Objective: To validate a previously published clinical decision rule to predict risk of urinary tract infection in febrile young girls.
Methods: We performed a retrospective case-control study at a children's hospital emergency department in a different city than that in which the original derivation study took place. Girls younger than 2 years in whom urinalysis and urine culture were performed for evaluation of fever were eligible. Cases consisted of all patients with a positive urine culture result, defined as 50,000 or more colony-forming units per milliliter of a urinary tract pathogen (n = 98). A random sample of patients with a negative urine culture result (n = 114) was also selected as controls. The clinical prediction rule included five risk factors: age younger than 12 months, white race, temperature of 39.0 degrees C or higher, absence of any other potential source of fever, and fever for 2 days or more. The sensitivity and false-positive rate of this rule were calculated at different cutoff values.
Results: The overall discriminative ability of the rule, as indicated by the area under the receiver-operator characteristic curve (AUC), was similar in this validation sample (AUC = 0.72) to that in the original study (AUC = 0.76). However, in the validation sample, the presence of three or more risk factors (rather than two or more as in the original study) appeared to be the optimum cutoff to define a positive rule, which results in an indication for obtaining further diagnostic testing (sensitivity, 88% [95% CI, 79-94%]; false-positive rate, 70% [95% CI, 61-79%]).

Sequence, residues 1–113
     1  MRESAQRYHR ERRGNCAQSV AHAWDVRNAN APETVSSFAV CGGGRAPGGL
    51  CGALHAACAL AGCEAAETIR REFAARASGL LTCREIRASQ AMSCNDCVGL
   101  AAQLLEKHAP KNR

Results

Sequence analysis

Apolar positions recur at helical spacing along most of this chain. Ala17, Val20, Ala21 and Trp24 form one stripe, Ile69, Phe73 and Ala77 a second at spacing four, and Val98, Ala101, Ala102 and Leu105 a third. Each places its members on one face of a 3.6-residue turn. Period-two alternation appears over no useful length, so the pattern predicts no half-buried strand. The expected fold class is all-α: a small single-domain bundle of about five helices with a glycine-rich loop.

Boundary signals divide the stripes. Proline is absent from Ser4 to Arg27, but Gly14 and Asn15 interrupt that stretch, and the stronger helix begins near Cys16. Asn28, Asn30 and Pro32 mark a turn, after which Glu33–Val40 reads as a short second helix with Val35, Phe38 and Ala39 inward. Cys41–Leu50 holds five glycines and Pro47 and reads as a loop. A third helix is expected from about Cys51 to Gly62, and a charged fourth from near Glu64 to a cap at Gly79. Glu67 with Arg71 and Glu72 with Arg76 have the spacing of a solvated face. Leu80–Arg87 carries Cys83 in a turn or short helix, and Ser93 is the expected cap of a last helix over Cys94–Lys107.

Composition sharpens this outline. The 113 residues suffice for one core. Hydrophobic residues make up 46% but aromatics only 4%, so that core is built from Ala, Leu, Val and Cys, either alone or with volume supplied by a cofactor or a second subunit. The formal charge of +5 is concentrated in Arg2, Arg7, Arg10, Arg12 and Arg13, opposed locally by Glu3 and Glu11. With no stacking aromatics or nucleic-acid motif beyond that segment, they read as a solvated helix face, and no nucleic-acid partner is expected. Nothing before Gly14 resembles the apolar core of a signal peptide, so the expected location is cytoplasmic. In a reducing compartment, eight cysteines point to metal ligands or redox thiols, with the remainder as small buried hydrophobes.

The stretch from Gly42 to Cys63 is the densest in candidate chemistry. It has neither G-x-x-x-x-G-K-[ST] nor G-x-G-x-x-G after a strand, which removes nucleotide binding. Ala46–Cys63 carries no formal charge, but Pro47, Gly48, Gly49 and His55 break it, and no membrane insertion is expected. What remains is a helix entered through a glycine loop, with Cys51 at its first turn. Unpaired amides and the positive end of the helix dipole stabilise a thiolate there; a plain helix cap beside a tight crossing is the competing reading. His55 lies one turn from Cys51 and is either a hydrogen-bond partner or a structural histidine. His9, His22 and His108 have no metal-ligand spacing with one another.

Conclusion: A simple clinical decision rule previously developed to predict urinary tract infection based on five risk factors performs similarly in a different patient population.